Inside story

The cockpit is jam-packed with tech set out logically thereby making it easy to find your way around. It includes the carmaker’s latest-generation infotainment system, itself based on the brand’s Modular Infotainment Platform (MIB3). 

Seating-wise, the heated front velour seats incorporate height and lumbar adjustment, and handy under-Seat drawers. The sliding second-row rear bench seat features 40/20/40 split-folding backrests and an armrest incorporating two cupholders. Behind that is the third row of seats that can also fold flat in a jiffy.  The rest of the cabin is speckled with chrome and decorative inserts in dash and door trim panels, carpet mats (front and rear), stainless steel pedals and door sill protectors.

Storage-wise, some 1,755 litres of luggage space is available with the two rear rows of seats folded, or 760 litres with only the rearmost two seats flat. The felt-lined front door bins are large enough to store a 1.5-litre bottle with further storage compartments in the luggage area and rear doors. Plus 12V sockets in the centre console storage area, luggage compartment, and rear of the front centre armrest.

The air-con is also worthy of note. The three-zone system incorporates an air filter, controls at the rear and three-zone temperature control. All air conditioning, heating and ventilation functions are operated via a new digitalised module in the centre console. Touch panels take the place of rotary knobs and buttons. The first of three levels accommodate the direct access buttons for frequently used functions such as seat heating, defrosting windscreen and air recirculation. The middle level includes the temperature displays and a slider for the blower speed. On the bottom level, two sliders for setting the temperature.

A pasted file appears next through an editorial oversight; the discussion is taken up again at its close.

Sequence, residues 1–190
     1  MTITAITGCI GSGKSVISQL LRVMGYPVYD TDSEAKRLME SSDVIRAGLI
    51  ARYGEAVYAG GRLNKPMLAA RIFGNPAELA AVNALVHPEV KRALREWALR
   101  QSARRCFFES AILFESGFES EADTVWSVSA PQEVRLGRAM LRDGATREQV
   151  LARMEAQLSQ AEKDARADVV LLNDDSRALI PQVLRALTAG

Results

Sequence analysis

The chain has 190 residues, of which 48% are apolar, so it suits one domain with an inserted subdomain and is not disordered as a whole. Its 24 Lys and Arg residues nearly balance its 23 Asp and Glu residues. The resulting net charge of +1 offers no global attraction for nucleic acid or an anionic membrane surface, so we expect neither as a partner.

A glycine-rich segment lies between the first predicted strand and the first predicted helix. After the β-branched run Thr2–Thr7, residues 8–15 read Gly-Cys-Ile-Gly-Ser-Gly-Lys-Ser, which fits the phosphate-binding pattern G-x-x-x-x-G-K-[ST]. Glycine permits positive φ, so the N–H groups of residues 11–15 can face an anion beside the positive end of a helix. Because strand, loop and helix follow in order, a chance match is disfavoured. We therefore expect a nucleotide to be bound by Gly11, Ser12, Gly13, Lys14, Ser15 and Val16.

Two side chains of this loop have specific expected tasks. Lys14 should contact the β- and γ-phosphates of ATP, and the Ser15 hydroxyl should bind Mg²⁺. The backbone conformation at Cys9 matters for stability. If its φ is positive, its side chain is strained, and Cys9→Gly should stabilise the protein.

The Allspace’s Online Connectivity Unit brings the online services of We Connect Start into the car. Highlights of We Connect Start include navigation and a variety of vehicle-related services. Online Traffic Information services provide the driver with details of the situation on the selected route at any one point, along with any potential hazards. Meanwhile, the Charging Stations service helpfully offers live data on available charge points in the vicinity and details on their charging capacity, including tariff costs.

Level 2 driving automation

Having debuted in 2019 on the Passat, Travel Assist now features on the Allspace enabling Level 2 driving automation that can accelerate, brake and steer for you on motorways.

The feature combines the functions of existing systems such as adaptive cruise control (ACC) and the lane assist lane-keeping system. Kerbs and grass verges are now recognised in addition to painted lines on the road. It is activated using the multifunction steering wheel while for legal and safety-related reasons, drivers must permanently monitor the system – meaning that they must have at least one hand on the steering wheel. Thanks to capacitive sensor technology in the steering wheel, the driver just has to touch the wheel. If the system calculates that they have let go for more than 15 seconds then visual and audible warning signals kick-off plus a braking jolt to act as a warning to regain control. The driver must react by this point and touch the steering wheel, otherwise Emergency Assist is activated and the car is brought to a stop.